So was Esav a boor or just someone who tended towards existential conflicts of meaning? Being a hunter, Esav knows that the world can seem quite random. On the hunt, you win some, you lose some. There is not an exact reason why a swooping bird catches this rodent and not the one next to it. Perhaps Esav, in that moment was taken by this fact – even with a God in the world, things seem to just happen.

Introducing the perspective of the existential into this portion we see a dichotomy between a “Yaacov way” of looking at the world and an “Esav way” of looking at the world. On the one hand the world is full of meaning that lasts beyond the life of one individual. The blessings from the past generations impact the present, and the actions of those in the present will shape the direction of the future. On the other hand, we are stuck in the finiteness of life. There is no continuity in the random unfolding of one generation to the next – Who will die, who will live? Who will be remembered? Who will be forgotten?

Un/fortunately, I think about these topics way to much ( and here is my short answer to this complicated dilemma. Both perspectives are absolutely valid (and there are many positions in between!) We can become skillful in knowing when to embrace the meaningfulness of a moment versus when we might tone down our own self-importance. For example, when your commitment at work results in the decay of your social relationships – it is time to evaluate the real meaning of your work. On the contrary, if you are having trouble making a decision, you might tap into your passions and intentions and remember that to live fully is to make choices that appear meaningful in a particular moment.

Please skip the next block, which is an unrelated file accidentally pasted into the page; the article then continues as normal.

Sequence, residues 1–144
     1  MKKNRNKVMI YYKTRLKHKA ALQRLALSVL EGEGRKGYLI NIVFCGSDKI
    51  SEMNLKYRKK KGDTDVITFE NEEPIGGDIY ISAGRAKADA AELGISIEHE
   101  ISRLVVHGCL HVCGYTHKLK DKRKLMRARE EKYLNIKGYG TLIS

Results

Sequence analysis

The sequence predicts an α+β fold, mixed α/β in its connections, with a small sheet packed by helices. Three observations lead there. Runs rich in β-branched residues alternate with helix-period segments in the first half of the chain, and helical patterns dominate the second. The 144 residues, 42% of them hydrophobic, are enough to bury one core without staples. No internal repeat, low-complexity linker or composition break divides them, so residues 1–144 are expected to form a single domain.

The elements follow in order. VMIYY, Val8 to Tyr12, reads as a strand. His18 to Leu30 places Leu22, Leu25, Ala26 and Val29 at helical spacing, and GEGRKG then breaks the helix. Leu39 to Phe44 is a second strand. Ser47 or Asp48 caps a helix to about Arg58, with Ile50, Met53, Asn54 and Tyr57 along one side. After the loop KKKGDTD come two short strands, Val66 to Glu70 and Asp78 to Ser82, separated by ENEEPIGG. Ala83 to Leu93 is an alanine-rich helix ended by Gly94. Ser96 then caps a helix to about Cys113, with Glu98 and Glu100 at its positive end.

This week, I feel bad for Esav. Not only does he struggle to see his life as meaningful, but his shallow self-esteem is affirmed by his parents choosing his younger brother over him. We see that this begins a chain reaction whereby he chooses a wife that will specifically antagonize his father (28:9). His father, Isaac, was once Esav’s biggest fan. I want to suggest that this Parsha teaches us an important lesson about how we can affirm or aggravate the sense of meaning of another person.  As we see in the story of Esav, it can be the meaning of those closest to us that are impacted most deeply by our actions and attitudes towards them.